Dementia, Part 1: What Caring for My Mother Taught Me
Posted by February 15, 2017on
Dealing with the debilitating effects of dementia on my mother over the years before her death was difficult to say the least. But it taught me some important lessons.
Dementia is an unfortunate condition in which the brain no longer functions properly. Those who suffer from it often cannot remember what they did five minutes ago, but may remember something that happened 50 years ago as vividly as if it were yesterday. However, they may also have false memories (the thing they say happened at a picnic 50 years ago cannot be corroborated by people who were present at the same picnic). And they may also no longer recognize people they have known their whole lives, such as a close family member or dear friend.
Millions of people around the world suffer from dementia. My mother was one of them.
It is said that dementia is progressive, meaning it gets worse over time. Various medications have been developed to try to delay progression. Whether they work or not is a matter of debate. Some say yes; some say no. All have side effects.
Peaks and valleys
My family witnessed dementia in my mother not as a slow, steady decline, but rather a decline characterized by peaks and valleys. One minute my mother would be perfectly rational, even making insightful suggestions.
In one memorable case, while we were talking about our Feast plans, my mother piped up, “Be sure you have the mail delivery stopped.” Where that came from, I’ll never know, because we hadn’t done that often over the years, instead usually opting to have someone collect the mail for us. But for some reason, she remembered that and brought it up—which was actually helpful, because all of us had forgotten it!
Ten minutes later, however, she might not have been able to find her way to the pantry, although she had lived with us for the last seven years.
Fascinating and frustrating disease
And so it goes—the fascinating, frustrating, infuriating disease known as dementia. Sometimes (too few times) you laugh and roll with the punches. Sometimes you get angry—you can feel the pulse beat in your ears. And sometimes you cry.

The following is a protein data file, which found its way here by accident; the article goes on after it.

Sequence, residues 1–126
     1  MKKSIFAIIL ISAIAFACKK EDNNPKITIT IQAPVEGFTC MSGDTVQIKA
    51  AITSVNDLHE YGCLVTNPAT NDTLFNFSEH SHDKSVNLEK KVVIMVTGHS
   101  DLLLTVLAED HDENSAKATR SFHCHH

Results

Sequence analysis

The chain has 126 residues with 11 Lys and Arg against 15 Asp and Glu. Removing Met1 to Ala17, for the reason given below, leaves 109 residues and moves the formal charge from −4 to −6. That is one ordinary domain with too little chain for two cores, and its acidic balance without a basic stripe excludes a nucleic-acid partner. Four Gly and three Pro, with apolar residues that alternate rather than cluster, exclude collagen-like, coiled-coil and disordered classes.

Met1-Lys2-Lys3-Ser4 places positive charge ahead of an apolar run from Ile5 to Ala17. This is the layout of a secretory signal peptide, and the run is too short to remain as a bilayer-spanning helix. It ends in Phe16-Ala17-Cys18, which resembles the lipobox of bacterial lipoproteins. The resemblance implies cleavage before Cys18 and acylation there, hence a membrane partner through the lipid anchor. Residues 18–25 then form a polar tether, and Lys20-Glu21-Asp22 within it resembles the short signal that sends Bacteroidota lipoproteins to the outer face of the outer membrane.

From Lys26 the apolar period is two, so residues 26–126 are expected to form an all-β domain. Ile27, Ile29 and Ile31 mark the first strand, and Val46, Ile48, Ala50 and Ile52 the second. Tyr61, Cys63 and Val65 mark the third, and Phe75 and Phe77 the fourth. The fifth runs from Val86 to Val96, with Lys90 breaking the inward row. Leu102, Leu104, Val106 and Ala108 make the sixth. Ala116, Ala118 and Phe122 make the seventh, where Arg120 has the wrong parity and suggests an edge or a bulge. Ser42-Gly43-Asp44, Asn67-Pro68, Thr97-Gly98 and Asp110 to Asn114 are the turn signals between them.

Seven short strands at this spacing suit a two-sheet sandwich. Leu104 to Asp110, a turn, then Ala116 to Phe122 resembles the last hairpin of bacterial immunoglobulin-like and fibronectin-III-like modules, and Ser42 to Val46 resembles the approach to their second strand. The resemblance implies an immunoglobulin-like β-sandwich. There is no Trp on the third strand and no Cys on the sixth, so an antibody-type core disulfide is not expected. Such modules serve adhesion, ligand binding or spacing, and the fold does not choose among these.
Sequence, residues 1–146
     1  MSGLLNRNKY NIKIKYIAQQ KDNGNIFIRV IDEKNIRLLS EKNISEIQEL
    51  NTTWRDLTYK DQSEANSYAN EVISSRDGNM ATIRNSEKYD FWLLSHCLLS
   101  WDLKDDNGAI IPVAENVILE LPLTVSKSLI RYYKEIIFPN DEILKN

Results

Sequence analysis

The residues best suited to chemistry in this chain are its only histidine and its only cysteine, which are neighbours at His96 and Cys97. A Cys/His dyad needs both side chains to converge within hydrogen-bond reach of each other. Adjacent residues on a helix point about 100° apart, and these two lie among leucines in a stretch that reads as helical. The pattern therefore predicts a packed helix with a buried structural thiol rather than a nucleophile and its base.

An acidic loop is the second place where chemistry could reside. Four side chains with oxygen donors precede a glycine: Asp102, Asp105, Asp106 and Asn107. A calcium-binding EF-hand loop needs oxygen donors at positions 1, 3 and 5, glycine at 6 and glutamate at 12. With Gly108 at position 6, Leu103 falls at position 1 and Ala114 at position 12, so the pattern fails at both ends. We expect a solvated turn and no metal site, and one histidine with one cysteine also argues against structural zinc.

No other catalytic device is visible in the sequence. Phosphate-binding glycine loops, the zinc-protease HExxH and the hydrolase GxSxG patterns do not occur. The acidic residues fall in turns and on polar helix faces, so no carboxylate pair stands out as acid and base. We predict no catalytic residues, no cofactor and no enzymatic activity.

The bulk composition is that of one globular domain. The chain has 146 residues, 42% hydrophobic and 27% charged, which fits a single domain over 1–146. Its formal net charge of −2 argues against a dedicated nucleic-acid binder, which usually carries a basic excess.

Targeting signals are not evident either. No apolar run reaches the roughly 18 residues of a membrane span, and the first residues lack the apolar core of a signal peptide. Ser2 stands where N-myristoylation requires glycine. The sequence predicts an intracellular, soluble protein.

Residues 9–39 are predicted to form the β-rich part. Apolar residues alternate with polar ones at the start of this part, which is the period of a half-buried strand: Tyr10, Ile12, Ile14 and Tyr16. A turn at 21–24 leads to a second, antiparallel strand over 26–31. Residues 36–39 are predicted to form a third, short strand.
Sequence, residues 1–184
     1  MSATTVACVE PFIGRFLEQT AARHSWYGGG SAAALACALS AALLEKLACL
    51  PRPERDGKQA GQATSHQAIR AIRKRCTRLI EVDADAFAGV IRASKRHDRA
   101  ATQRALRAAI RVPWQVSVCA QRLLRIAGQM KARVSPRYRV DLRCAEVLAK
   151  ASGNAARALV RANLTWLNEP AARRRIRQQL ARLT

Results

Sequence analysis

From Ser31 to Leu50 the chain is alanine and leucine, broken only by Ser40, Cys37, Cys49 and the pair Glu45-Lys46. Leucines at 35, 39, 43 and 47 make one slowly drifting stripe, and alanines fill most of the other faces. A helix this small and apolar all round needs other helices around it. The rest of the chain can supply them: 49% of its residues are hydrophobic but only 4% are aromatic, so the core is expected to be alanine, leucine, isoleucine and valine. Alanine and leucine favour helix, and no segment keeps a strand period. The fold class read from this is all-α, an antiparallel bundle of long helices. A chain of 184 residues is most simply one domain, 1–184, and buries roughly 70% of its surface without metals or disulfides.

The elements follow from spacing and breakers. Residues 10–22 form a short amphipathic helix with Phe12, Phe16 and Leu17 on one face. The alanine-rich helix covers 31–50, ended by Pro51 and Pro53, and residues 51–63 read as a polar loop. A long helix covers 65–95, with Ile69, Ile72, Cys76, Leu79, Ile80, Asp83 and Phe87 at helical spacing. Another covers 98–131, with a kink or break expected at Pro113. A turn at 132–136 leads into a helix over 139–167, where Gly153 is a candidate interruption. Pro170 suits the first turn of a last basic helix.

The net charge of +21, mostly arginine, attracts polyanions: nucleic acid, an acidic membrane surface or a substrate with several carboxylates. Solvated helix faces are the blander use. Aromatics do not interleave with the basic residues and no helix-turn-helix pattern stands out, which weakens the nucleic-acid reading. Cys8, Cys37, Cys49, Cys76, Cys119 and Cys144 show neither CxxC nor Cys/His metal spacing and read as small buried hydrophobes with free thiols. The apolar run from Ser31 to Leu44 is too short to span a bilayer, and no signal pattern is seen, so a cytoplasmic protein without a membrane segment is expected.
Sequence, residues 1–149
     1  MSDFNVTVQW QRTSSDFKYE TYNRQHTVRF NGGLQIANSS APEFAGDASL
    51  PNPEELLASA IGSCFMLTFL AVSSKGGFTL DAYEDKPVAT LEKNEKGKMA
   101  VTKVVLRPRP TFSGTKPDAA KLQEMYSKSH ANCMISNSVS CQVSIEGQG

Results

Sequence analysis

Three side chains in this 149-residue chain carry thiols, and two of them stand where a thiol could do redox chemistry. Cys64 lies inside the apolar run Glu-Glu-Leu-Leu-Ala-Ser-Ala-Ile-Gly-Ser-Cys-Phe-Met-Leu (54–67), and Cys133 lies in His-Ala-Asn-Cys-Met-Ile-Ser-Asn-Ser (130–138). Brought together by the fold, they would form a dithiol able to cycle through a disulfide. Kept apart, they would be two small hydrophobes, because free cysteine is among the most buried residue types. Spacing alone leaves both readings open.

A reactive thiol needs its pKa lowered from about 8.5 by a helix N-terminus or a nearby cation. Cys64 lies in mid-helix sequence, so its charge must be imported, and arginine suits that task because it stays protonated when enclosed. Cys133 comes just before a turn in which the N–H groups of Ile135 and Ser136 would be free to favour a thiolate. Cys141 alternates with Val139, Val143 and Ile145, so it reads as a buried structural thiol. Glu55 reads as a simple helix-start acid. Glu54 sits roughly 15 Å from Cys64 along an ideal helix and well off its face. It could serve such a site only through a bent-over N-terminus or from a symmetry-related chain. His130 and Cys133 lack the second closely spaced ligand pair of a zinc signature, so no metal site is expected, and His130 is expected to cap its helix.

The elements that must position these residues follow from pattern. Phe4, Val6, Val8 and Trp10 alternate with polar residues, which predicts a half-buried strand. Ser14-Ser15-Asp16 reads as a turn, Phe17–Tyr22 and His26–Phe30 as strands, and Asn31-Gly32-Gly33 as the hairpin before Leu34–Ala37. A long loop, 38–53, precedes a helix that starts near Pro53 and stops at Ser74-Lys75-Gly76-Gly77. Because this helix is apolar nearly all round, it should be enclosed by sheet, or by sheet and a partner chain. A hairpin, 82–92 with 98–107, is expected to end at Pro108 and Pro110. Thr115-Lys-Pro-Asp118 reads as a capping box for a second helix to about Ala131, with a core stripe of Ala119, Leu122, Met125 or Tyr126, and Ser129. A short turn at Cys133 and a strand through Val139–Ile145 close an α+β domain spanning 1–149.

Always, you try to be patient. You keep telling yourself that your loved one can’t help it—it’s a disease. You keep telling yourself that to try to convince him or her that there isn’t a little black dog sitting under the kitchen table is futile, so you should just smile and say “How cute!” without commenting on its veracity.
You keep trying to organize things so that they are successful in daily living skills. You lay their clothes out in the order in which they are going to put them on. Or you cue them for the thousandth time that they have to take off their sneakers before taking off their pants because the pant leg won’t fit over the sneakers, but they will still struggle, trying to take the sweatpants off over their sneakers. You may set the shoes down with the right shoe by the right foot and the left shoe by the left foot, but they will still try to put the left shoe on the right foot and the right shoe on the left foot (without your noticing). Or they’ll put on two shoes with different height heels—and then spend the whole day walking around with the wrong shoes (without their noticing).
You will spend hours—thinking while driving or as you fall asleep at night—trying to come up with solutions to these problems. They are practical problems, you think. Surely there is a way to make things go more smoothly and efficiently. And many times, that is correct.
But a flash of spiritual insight came to me on one of my long commutes home from work: “My mother is not a problem to be solved. She is a person to be loved.”
And that really is the secret: seeing the person with dementia as a child of God—even when he or she does the most illogical, dangerous or frustrating things. Because in many ways, all humanity suffers from spiritual dementia.
I’ve spent hours thinking about this analogy, and in Part 2 I’ll share some spiritual insights.